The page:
In any event, I’m looking to keep better track this year, and to make more periodic updates like I planned to do last year. Onward and upward.
I’m only including collected paperbacks of comics, because honestly that’s the only way I buy them anymore. ↩
Upon whose Facebook post this entry was originally a comment upon. ↩
I was reading “The Holy Or The Broken: Leonard Cohen, Jeff Buckley, and the Unlikely Ascent of ‘Hallelujah'”, but I didn’t finish it until today, so it goes on the 2018 list. ↩
I have some extended thoughts on this subject that are the subject of a future essay I’m writing. Watch this space. ↩
I admit I normally hate this particular technique, but honestly, by midway through the first book I’d stopped noticing it entirely. ↩
“Phasma” by Delilah S. Dawson and “Thrawn” by Timothy Zahn ↩
A few years ago, I recorded a substantial portion of an audiobook of this novel, as a gift to one of my girlfriends at the time, who was also a huge Jansson fan. I never finished it, but I keep meaning to ↩
The 30 Day music challenge was a great success, and I wand to thank everyone who participated in the threads for each day’s challenge. Just to wrap it up, There’s a couple of links I want to share.
If you’d like to read through all the entries again, in order of posting, you can do that by going to my website at this link:
I’ve also assembled all of my pics into a YouTube playlist, if you just want to listen to the songs as a mix.1 You can find the playlist here.
Now, of course, I have to stop being lazy and come up with other things to post here. But this was a good way to get back into the habit of daily posting, and while I may not update daily from here on out, I do want to try and be more regular. As always, anything I post in my main blog will be mirrored to Facebook, Dreamwidth, and Tumblr, and linked on Twitter2, so feel free to keep following me wherever it is you find it most convenient.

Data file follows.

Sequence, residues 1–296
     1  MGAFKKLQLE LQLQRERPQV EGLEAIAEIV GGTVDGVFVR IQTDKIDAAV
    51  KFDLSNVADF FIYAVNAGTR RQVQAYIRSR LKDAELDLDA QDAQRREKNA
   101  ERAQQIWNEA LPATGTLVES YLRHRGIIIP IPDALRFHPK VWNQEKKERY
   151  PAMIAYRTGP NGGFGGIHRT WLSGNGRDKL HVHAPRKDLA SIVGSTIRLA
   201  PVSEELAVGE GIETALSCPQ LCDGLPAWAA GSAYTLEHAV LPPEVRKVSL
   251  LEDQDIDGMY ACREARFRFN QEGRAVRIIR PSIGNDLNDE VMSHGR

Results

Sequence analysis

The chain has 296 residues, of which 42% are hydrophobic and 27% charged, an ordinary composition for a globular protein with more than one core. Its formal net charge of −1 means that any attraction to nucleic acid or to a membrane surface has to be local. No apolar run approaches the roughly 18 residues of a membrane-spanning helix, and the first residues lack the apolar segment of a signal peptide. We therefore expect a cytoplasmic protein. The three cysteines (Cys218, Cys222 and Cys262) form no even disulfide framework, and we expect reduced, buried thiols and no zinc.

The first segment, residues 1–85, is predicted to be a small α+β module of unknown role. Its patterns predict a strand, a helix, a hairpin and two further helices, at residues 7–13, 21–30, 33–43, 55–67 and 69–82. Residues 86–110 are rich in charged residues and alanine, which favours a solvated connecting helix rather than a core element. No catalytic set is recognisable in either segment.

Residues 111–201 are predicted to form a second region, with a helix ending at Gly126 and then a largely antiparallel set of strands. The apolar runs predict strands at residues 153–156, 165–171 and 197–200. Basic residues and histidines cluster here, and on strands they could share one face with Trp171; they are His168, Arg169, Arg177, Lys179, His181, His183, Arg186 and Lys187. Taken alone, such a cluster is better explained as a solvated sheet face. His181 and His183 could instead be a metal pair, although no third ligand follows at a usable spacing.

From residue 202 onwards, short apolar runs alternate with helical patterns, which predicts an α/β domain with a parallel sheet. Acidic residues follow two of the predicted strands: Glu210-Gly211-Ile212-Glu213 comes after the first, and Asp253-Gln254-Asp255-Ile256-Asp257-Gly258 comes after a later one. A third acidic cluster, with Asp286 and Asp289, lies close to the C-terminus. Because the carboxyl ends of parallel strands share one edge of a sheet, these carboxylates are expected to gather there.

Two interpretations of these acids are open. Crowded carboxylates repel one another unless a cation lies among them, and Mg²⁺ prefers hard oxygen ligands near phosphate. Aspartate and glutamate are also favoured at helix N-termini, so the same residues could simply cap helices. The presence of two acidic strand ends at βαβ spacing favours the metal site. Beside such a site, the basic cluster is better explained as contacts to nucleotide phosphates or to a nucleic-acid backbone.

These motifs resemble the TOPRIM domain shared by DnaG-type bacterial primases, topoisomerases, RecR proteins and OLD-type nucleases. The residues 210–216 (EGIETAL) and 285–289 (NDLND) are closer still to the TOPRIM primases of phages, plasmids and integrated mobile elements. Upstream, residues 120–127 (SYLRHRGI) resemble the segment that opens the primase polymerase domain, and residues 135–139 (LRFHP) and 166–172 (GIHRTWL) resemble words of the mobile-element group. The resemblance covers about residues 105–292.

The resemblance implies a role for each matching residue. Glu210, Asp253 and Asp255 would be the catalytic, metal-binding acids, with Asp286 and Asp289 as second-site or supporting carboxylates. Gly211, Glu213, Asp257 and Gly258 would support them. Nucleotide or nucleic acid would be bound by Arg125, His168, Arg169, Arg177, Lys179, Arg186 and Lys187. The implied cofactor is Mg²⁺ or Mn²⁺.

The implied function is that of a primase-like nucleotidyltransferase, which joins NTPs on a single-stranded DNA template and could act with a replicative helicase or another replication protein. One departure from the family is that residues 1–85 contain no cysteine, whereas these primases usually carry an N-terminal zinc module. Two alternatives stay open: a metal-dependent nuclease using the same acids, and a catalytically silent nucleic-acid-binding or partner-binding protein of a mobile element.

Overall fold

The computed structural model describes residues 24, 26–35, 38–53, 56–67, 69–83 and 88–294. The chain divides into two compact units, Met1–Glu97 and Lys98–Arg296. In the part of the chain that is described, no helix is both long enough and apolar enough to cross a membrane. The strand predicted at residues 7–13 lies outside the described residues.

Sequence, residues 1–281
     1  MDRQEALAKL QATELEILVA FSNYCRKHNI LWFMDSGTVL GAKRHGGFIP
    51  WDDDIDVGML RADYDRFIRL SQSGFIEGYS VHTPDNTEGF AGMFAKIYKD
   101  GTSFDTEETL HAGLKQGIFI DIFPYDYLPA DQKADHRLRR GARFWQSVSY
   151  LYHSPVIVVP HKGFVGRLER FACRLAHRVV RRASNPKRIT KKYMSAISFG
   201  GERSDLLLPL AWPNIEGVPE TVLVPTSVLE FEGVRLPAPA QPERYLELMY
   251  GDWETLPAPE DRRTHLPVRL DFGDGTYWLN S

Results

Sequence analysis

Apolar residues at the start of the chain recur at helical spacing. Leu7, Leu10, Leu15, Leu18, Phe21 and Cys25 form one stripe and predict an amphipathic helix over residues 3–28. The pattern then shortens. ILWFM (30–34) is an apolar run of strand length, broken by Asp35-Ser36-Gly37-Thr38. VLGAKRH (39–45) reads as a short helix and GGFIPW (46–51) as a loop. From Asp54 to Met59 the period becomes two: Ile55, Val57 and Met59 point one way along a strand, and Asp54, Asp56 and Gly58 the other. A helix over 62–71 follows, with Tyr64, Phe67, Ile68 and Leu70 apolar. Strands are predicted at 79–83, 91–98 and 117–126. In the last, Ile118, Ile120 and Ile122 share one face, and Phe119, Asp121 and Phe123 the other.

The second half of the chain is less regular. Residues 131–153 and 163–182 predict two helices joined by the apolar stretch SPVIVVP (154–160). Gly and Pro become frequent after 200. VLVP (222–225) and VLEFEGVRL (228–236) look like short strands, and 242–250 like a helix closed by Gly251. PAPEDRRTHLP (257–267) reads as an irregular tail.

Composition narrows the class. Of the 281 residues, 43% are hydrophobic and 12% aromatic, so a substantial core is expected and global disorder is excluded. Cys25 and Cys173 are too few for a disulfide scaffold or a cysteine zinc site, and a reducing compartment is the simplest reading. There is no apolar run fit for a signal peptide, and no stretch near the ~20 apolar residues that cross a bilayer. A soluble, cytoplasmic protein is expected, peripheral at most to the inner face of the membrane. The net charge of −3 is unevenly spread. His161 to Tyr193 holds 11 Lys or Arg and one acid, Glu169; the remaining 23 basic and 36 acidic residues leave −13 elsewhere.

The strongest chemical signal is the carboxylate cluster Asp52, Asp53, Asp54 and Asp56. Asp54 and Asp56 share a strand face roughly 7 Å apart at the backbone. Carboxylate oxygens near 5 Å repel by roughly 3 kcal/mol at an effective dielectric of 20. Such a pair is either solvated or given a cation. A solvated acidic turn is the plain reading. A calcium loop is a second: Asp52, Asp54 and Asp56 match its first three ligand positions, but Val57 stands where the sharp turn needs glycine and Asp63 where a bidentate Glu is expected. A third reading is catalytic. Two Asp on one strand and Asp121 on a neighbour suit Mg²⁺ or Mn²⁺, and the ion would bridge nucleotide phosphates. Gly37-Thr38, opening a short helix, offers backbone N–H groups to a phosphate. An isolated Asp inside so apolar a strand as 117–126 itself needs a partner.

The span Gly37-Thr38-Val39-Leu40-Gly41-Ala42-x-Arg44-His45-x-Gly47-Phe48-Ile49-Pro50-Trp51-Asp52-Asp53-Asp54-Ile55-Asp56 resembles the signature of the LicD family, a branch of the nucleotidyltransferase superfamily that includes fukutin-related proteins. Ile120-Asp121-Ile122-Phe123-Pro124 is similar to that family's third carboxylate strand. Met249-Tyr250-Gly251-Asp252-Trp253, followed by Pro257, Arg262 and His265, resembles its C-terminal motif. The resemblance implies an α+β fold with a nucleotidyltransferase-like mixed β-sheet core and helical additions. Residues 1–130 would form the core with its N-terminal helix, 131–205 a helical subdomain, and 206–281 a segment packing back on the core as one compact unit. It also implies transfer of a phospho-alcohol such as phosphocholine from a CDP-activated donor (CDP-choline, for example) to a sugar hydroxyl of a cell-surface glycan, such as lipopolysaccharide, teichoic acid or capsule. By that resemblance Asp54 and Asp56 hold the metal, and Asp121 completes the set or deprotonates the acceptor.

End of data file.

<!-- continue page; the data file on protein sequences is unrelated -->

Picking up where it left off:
Thanks again for following along, and for commenting!
And here we come to the last song in the 30 day challenge, where we are asked to share a song that reminds us of ourselves. Of all the challenges, this was the easiest song by far to choose. I’ve always said that this was my theme song, and will certainly play over the opening credits of the TV series based on my life, were someone to undertake such a thing. Most people who know me1 can attest to this.
I loved the song when I first heard it, when it was a hit for Men at Work in 1983. But I really love the acoustic versions that Colin Hay performs these days, and there’s a number of really good performances of it floating around, including this one.
If you’ve ever wanted a peak inside my brain, this song will give you one. Here’s Colin Hay, with “Overkill”.
and certainly anyone who’s dated me ↩
We are nearing the end of our musical journey. Today, we are asked to share a song we remember from our childhood.